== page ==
- The Washington Times - Wednesday, February 12, 2014

A stylish female warrior helps souls escape doomsday in the third-person adventure Lightning Returns: Final Fantasy XIII (Square Enix, reviewed for the Xbox 360, Rated: Teen, $59.99).

Taking place 500 hundred years after the events of Final Fantasy XIII-2, we find our heroine Lightning awakening after her extended hibernation on the planet of Nova Chrysalia, near at its end, and consumed by the evil force of Chaos.

After cutting a deal with the god Bhunivelze to resurrect her sister Serah, she has 13 days to guide souls to a new world to be created by the deity. Yes, a sort of Book of Revelations mash-up here but loaded with exhausting combat, a soap-operatic plot, plenty of chatting and exploring and some massive swordplay.

Her journey’s will teleport her from a sky headquarters named the Arc to such active areas as the divine city of light, Luxerion; the lifeless desert with undead horrors called the Dead Dunes; the lush and dangerous wilderness of Wildlands; and a Las Vegas for end-of-world partiers called Yusnaan.

In each, she must accept missions and side quests, talk to the area natives and fight for her life against a variety of humans and creatures while claiming those precious souls.

For example, early on she is on a fact-gathering mission to find out who killed a group of girls that look like her. Lightning’s investigation eventually leads to confrontations with a group of religious zealots called the Children of Etro.

Or, while in the Wildlands, she must find an illusive white chocobo (a large chicken-like creature) nicknamed the Angel of Valhalla. Once she gets clues from a local doctor of its location, she must fight a huge monster to rescue it. If the animal appreciates her efforts, she can actually ride it around the location.

Lightning’s most-precious objective, saving those souls, is very important for the player as he quickly realizes he has a big problem.

The world ends in 13 days, but I’m only seeing that I have seven days of game time. Well, that’s a sneaky time limit. The opportunistic player who can free complete missions and side quests will earn Eradia, a light force that accumulates and that translates into extra time to play the game and save more humans.

I really hated that aspect of the game. There is always too much to do and see and not enough hours. In fact, in three hours of real time, I have almost burned through three days due to my meandering and incompetence. I was not getting much Eradia to help.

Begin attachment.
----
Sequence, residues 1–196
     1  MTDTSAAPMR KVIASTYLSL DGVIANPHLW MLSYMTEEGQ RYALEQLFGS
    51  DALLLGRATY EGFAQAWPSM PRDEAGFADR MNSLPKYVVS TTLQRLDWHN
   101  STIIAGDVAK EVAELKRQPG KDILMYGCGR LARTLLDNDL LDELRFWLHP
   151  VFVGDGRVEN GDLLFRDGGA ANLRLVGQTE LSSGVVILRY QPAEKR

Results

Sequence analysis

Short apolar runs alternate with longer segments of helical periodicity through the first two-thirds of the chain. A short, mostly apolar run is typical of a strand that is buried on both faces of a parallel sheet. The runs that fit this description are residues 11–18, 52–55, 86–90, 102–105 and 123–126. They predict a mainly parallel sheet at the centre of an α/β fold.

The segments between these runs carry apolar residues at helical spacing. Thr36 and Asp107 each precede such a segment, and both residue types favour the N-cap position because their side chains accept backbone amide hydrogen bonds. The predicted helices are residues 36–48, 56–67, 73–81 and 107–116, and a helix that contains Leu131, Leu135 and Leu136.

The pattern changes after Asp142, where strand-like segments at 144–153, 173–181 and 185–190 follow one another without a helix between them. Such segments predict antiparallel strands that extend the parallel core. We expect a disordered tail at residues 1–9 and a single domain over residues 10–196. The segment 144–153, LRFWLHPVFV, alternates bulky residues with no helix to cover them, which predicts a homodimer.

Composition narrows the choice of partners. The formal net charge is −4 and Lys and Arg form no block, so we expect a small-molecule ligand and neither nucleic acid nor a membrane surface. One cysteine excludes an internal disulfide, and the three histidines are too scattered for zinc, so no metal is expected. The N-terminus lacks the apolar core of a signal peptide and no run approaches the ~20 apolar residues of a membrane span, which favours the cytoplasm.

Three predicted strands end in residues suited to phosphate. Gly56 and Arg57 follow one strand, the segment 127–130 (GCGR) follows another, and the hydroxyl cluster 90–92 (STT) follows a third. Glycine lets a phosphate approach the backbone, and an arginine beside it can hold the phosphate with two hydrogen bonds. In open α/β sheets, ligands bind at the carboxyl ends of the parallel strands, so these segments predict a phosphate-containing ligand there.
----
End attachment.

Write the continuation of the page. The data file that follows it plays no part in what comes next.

Combat can be equally frustrating but rewarding for successes. It not only relies on unleashing sequences of magical and physical attacks (tied to a controller’s buttons) at the right time but entering battle with the proper sets of Schemata.

Stop scratching your head. The term refers to building a custom set of powers based on stuff acquired. A player chooses garb, a weapon, shield, accessories and abilities to design a load out to use on enemies.

The garb is always quite stylish and occasionally risqué (reference Lightning dressed in mini-skirts, flowing dresses highlighting her cleavage and practically only her skivvies), but each Schemata package can be accessed on the fly to mix together a potent selection of costuming that triggers combinations of attacks.

Luckily, each location also offers plenty of shops to buy stuff based on the game’s currency Gil, so a player can keep building a variety of Schemata.

Now engaging a creature (running away is acceptable) is often a painful struggle of will. It can take an extended amount of effort and time to defeat one. I was awed by the impressive detail of monsters such as the Kaiser Behemoth (a quadrupedal beast that when wounded becomes bipedal and pulls out a sword) but really frustrated when trying to beat it.

Overall, the game is not quite a complete immersion into the role-playing genre but offers plenty of resource management and discovery. It’s enough to change up the pace of the sometimes-endless combat.

What always stands out is the insane plot minutia as well as the impressive, lifelike animated scenes familiar to the Final Fantasy franchise.

I’ll describe the latest effort as a plunge into a complex Frank Herbert novel, loaded with its own vocabulary and heavy-handed mysticism, and starring characters bound to a fashion sense appreciated by Andy Warhol and Puffy Ami Yumi.

Further immersing the player in to the Final Fantasy universe is an in-game encyclopedic resource filled with background on the characters, history and lore of the lands with even a bestiary to identify creepy crawler behemoths through 360-degree views.

Lightning Returns: Final Fantasy XIII is a time-consuming, often-draining escape into an incredible universe meticulously crafted by director Motomu Toriyama and his team. It’s a fitting end to the series and filled with surprises, wonderful characters and battles.

However, don’t spend too much time appreciating it. Remember, those minutes talking to the locals or checking out some cool ruins can have apocalyptic implications.

• Joseph Szadkowski can be reached at jszadkowski@washingtontimes.com.

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